Visas and green cards are documents that the government issues for the benefit of immigrants. While they do have some similarities, they also have some differences that each grant immigrants different privileges while they are residing in the United States.
The main difference between visas and green cards is that a visa allows an individual to live in the United States for a temporary period of time. A green card, on the other hand, allows an immigrant to work and live in the United States for an indefinite period of time. It is important to note that there are some exceptions that apply to both.
United States Citizenship and Immigration Services (USCIS) is the governmental agency that issues both immigrant visas and green cards. If you are in the process of obtaining an immigrant visa – or if you have a visa and are attempting to obtain a green card – you should retain legal counsel to assist you throughout the process. An experienced immigration attorney from Hacking Immigration Law, LCC could explain to you the differences between these documents and help you obtain the one you need to reside in the United States, depending upon your circumstances.
A green card allows its holder to live and work in the United States for an indefinite period of time. To retain their green card, however, holders must not commit any crime that would subject them to deportation. Those crimes typically include aggravated felonies and other serious crimes.
Green card holders must also remember not to let their statuses lapse, and they must apply to renew their legal permanent residence status on a regular basis. Immigrants can obtain green cards in a variety of ways and for a variety of reasons. Two of the most common categories of green cards include:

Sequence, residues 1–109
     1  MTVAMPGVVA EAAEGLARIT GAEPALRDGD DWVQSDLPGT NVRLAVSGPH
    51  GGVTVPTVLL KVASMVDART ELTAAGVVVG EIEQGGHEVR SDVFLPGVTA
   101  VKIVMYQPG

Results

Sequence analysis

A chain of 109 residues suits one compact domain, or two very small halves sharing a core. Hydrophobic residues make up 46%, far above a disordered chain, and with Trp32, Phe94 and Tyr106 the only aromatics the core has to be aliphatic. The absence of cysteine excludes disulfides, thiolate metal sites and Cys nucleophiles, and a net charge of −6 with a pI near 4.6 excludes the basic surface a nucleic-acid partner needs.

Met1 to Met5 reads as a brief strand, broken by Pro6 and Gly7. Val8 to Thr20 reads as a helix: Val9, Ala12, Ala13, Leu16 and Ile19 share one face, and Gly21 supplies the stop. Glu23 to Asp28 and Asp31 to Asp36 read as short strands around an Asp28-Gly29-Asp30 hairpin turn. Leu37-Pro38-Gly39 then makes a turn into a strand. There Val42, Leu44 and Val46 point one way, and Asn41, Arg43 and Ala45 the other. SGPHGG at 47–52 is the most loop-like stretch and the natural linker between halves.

Individuals who successfully apply to the Diversity Visa Lottery may also be eligible to obtain a green card. Finally, a refugee or asylee who has been living in the United States for a period of one year or more may apply for a green card.
Individuals who hold green cards may also be eligible to apply for citizenship after living in the United States for a certain period of time, while avoiding any criminal charges for that time.
Visa holders may stay in the United States for a temporary period of time. United States embassies and consulates from around the world generally issue these temporary visas. While a visa allows a holder to go to a point of entry and request permission to enter the United States, it does not automatically allow a holder to enter the country.
Nonimmigrant visas are typically reserved for tourists, temporary workers, and students. For a temporary worker to obtain a nonimmigrant visa, they must be engaged in a “qualifying occupation.” Qualifying occupations include laborers, some individuals with college degrees, and religious workers.
Federal immigration laws and statutes can be confusing, as such it can be difficult to understand the differences between visas and green cards. An experienced immigration lawyer could help you decide which document is applicable to your unique situation and could assist you with applying for a visa or green card.